Influence of high-latitude atmospheric circulation changes on summertime Arctic sea ice

Abstract

The Arctic has seen rapid sea-ice decline in the past three decades, whilst warming at about twice the global average rate. Yet the relationship between Arctic warming and sea-ice loss is not well understood. Here, we present evidence that trends in summertime atmospheric circulation may have contributed as much as 60% to the September sea-ice extent decline since 1979. A tendency towards a stronger anticyclonic circulation over Greenland and the Arctic Ocean with a barotropic structure in the troposphere increased the downwelling longwave radiation above the ice by warming and moistening the lower troposphere. Model experiments, with reanalysis data constraining atmospheric circulation, replicate the observed thermodynamic response and indicate that the near-surface changes are dominated by circulation changes rather than feedbacks from the changing sea-ice cover. Internal variability dominates the Arctic summer circulation trend and may be responsible for about 30–50% of the overall decline in September sea ice since 1979.

Access options

Rent or Buy article

Get time limited or full article access on ReadCube.

from$8.99

All prices are NET prices.

Figure 1: Relationship between the September Arctic sea ice and summer large-scale circulation.
Figure 2: Simulated impact of atmospheric circulation on Arctic thermodynamic trends.
Figure 3: Simulated impact of atmospheric circulation on summertime Arctic sea-ice trends.
Figure 4: Observed and estimated radiatively forced trends in upper and lower tropospheric geopotential height and winds.

References

  1. 1

    Min, S. K., Zhang, X. B., Zwiers, F. W. & Agnew, T. Human influence on Arctic sea ice detectable from early 1990s onwards. Geophys. Res. Lett. 35, L21701 (2008).

    Article  Google Scholar 

  2. 2

    Kay, J. E., Holland, M. M. & Jahn, A. Inter-annual to multi-decadal Arctic sea ice extent trends in a warming world. Geophys. Res. Lett. 38, L15708 (2011).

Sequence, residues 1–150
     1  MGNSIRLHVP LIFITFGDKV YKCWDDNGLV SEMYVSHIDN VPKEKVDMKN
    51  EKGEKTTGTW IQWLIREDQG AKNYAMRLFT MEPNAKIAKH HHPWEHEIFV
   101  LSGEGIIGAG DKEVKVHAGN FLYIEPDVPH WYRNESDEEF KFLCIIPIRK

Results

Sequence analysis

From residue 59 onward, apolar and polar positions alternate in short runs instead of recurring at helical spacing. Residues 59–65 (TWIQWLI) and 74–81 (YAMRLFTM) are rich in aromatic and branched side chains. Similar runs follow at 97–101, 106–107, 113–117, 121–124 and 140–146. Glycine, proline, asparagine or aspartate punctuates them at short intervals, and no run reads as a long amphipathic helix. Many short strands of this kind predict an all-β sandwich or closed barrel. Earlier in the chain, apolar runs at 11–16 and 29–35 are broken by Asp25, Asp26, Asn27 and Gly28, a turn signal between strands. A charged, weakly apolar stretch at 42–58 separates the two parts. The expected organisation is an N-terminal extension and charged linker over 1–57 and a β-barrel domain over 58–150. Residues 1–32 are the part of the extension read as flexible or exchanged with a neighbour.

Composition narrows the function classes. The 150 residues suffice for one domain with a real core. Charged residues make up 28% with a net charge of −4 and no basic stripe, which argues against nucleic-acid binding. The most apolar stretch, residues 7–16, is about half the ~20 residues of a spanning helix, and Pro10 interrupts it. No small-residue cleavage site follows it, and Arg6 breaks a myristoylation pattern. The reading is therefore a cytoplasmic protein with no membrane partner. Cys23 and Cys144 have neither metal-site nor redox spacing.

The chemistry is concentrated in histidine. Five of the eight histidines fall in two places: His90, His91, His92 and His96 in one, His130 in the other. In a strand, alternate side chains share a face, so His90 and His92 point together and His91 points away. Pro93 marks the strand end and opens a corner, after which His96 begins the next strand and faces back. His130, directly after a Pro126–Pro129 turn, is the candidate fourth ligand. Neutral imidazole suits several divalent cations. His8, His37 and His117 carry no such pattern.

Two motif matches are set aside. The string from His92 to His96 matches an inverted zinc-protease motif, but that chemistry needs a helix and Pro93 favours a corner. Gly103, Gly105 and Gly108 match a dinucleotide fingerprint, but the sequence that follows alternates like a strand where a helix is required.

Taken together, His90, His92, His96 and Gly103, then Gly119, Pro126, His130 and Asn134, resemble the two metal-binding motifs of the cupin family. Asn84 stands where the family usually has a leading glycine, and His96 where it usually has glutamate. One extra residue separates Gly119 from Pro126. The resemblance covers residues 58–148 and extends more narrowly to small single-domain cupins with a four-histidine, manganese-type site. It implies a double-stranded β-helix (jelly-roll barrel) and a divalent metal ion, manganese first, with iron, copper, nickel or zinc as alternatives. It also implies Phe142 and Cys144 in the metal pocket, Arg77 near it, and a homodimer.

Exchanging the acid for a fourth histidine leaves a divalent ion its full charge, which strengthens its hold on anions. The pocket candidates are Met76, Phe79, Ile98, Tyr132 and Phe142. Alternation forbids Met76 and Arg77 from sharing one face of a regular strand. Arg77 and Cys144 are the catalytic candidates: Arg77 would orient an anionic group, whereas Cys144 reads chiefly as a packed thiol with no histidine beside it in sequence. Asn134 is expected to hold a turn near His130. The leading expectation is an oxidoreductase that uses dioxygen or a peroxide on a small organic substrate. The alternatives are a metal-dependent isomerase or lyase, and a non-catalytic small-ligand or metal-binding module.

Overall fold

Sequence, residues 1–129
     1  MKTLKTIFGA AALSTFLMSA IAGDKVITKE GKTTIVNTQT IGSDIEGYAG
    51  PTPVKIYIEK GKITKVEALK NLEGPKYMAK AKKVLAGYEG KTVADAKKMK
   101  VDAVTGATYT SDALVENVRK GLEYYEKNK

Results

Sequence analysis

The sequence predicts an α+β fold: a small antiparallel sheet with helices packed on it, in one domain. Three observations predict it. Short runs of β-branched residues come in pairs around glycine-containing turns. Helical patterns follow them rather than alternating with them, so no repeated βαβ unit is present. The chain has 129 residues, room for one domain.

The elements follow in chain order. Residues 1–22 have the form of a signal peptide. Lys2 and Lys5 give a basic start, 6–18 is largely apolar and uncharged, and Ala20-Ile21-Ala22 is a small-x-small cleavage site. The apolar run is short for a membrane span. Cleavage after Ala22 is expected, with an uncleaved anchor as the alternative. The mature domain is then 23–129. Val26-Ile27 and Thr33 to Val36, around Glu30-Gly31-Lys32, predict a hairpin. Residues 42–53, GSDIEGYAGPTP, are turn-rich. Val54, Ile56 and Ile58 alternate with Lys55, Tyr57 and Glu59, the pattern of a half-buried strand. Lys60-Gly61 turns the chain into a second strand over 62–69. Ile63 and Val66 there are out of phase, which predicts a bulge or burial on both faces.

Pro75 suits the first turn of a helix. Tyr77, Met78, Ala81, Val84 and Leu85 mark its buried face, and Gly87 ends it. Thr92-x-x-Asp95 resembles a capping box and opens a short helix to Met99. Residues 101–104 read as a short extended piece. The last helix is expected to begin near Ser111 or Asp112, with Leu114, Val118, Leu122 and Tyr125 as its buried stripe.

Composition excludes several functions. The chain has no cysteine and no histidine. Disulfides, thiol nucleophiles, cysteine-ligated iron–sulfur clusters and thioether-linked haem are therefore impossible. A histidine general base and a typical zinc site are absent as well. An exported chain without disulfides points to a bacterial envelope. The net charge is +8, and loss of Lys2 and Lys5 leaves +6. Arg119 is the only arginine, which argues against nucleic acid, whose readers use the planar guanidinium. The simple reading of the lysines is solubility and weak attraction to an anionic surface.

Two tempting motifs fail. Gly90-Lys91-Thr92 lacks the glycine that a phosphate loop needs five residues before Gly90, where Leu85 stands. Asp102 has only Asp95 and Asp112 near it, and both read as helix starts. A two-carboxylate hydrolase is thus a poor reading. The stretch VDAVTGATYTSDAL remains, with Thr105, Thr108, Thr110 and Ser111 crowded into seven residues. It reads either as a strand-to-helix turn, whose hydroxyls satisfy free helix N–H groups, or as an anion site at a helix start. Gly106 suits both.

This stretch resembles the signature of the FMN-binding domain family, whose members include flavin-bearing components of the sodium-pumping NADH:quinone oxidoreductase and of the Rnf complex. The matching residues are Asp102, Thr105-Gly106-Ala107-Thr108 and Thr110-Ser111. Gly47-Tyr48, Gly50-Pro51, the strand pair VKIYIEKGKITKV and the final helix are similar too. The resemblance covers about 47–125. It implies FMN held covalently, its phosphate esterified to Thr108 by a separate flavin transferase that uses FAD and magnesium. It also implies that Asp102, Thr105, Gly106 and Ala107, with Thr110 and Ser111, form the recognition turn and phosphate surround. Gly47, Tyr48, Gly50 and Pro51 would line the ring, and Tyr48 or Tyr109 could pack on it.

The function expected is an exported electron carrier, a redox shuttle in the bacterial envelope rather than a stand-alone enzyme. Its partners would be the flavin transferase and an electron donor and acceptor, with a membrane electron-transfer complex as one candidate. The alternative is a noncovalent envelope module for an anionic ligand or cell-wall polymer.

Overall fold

Article  Google Scholar 

  3. 3

    Notz, D. & Marotzke, J. Observations reveal external driver for Arctic sea-ice retreat. Geophys. Res. Lett. 39, L08502 (2012).

    Article  Google Scholar 

  4. 4

    Stroeve, J., Holland, M. M., Meier, W., Scambos, T. & Serreze, M. Arctic sea ice decline: faster than forecast. Geophys. Res. Lett. 34, L09501 (2007).

    Article  Google Scholar 

  5. 5

    Day, J. J., Hargreaves, J. C., Annan, J. D. & Abe-Ouchi, A. Sources of multi-decadal variability in Arctic sea ice extent. Environ. Res. Lett. 7, 034011 (2012).

    Article  Google Scholar 

  6. 6

    Rampal, P., Weiss, J., Dubois, C. & Campin, J.-M. IPCC climate models do not capture Arctic sea ice drift acceleration: consequences in terms of projected sea ice thinning and decline. J. Geophys. Res. 116, C00D07 (2011).

    Article  Google Scholar 

  7. 7

    Swart, N. C., Fyfe, J. C., Hawkins, E., Kay, J. E. & Jahn, A. Influence of internal variability on Arctic sea-ice trends. Nat. Clim. Change 5, 86–89 (2015).

    Article  Google Scholar 

  8. 8

    Zhang, R. Mechanisms for low frequency variability of summer Arctic sea ice extent. Proc. Natl Acad. Sci. USA 112, 1422296112 (2015).

    Google Scholar 

  9. 9

    Francis, J. A. & Hunter, E. New insight into the disappearing Arctic sea ice. Eos 87, 509–511 (2006).

    Article  Google Scholar